A great passage from Cornelius Castoriadis, in The Imaginary Institution of Society, on why he is a revolutionary.
‘I desire and I feel the need to live in a society other than the one surrounding me. Like most people, I can live in this one and adapt to it, at any rate, I do live in it. However critically I may try to look at myself, neither my capacity for adaptation, nor my assimilation of reality seems to me to be inferior to the sociological average. I am not asking for immortality, ubiquity or omniscience. I am not asking society to ‘give me happiness’ I know this is not a ration that can be handed out by City Hall or my neighborhood Workers‘ Council and that, if this thing exists, I have to make it for myself, tailored to my own needs, as this has happened to me already and as this will probably happen to me again. In life, however, as it comes to me and to others, I run up against a lot of unacceptable things, I say they are not inevitable and that they stem from the organization of society. I desire, and I ask, first that my work be meaningful, that I may approve what it is used for and the way in which it is done, that it allow me genuinely to expend myself, to make use of my faculties and at the same time to enrich and develop myself. And I say that this is possible, with a different organization of society, possible for me and for everyone. I say that it would already be a basic change in this direction if I were allowed to decide, together with everyone else, what I had to do, and, with my fellow workers, how to do it
I should like, together with everyone else, to know what is going on in society, to control the extent and the quality of the information I receive. I ask to be able to participate directly in all the social decisions that may affect my existence, or the general course of the world in which I live. I do not accept the fact that my lot is decided, day after day, by people whose projects are hostile to me or simply unknown to me, and for whom we, that is I and everyone else, are only numbers in a general plan or pawns on a chessboard, and that, ultimately, my life and death are in the hands of people whom I know to be, necessarily, blind.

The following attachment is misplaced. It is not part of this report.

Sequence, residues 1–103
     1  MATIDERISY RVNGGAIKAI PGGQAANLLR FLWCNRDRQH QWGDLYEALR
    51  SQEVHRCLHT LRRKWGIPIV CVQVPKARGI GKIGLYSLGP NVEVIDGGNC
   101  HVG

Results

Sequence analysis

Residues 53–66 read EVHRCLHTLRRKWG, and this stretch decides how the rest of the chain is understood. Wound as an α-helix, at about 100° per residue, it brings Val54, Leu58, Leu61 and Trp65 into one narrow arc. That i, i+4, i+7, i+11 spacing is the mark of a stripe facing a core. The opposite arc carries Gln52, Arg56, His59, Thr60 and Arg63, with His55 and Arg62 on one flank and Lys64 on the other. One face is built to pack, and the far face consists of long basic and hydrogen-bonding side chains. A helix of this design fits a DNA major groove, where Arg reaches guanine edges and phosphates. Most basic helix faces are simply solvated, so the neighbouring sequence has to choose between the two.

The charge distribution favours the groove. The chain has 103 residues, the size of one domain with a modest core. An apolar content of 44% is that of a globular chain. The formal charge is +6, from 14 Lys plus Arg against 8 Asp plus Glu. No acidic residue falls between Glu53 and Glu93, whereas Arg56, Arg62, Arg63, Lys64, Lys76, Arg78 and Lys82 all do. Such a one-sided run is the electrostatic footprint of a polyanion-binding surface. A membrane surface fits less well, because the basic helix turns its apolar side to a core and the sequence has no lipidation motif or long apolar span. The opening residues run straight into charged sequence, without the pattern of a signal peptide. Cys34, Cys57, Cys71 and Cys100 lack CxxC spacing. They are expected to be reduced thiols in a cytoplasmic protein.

I know perfectly well that realizing another social organization, and the life it would imply, would by no means be simple, that difficult problems would arise at every step. But I prefer contending with real problems rather than with the consequences of de Gaulle’s delirium, Johnson’s schemes or Krushchev’s intrigues. Even if I and the others should fail along this path, I prefer failure in a meaningful attempt to a state that falls short of either failure or non-failure, and which is merely ridiculous.
I wish to be able to meet the other person as a being like myself and yet absolutely different, not like a number or a frog perched on another level (higher or lower, it matters little) of the hierarchy of revenues and powers. I wish to see the other, and for the other to see me, as another human being. I want our relationships to be something other than a field for the expression of aggressivity, our competition to remain within the limits of play, our conflicts – to the extent that they cannot be resolved or overcome – to concern real problems and real stakes, carrying with them the least amount of unconsciousness possible, and that they be as lightly loaded as possible with the imaginary. I want the other to be free, for my freedom begins where the other’s freedom begins, and, all alone, I can at best be merely ‘virtuous in misfortune’. I do not count on people changing into angels, nor on their souls becoming as pure as mountain lakes – which, moreover, I have always found deeply boring. But I know how much present culture aggravates and exasperates their difficulty to be and to be with others, and I see that it multiplies to infinity the obstacles placed in the way of their freedom.
I know, of course, that this desire cannot be realized today, nor even were the revolution to take place tomorrow, could it be fully realized in my lifetime. I know that one day people will live, for whom the problems that cause us the most anguish today will no longer even exist. This is my fate, which I have to assume and which I do assume. But this cannot reduce me to despair or to catatonic ruminations. Possessing this desire, which indeed is mine, I can only work to realize it. And already in the choice of my main interest in life, in the work I devote to it, which for me is meaningful (even when I encounter, and accept, partial failure, delays, detours and tasks that have no sense in themselves), in the participation in a group of revolutionaries which is attempting to go beyond the reified and alienated relations of current society – I am in a position partially to realize this desire. If I had been born in a communist society, would happiness have been easier to attain – I really do not know, and at any rate can do nothing about it. I am not, under this pretext, going to spend my free time watching television or reading detective novels.’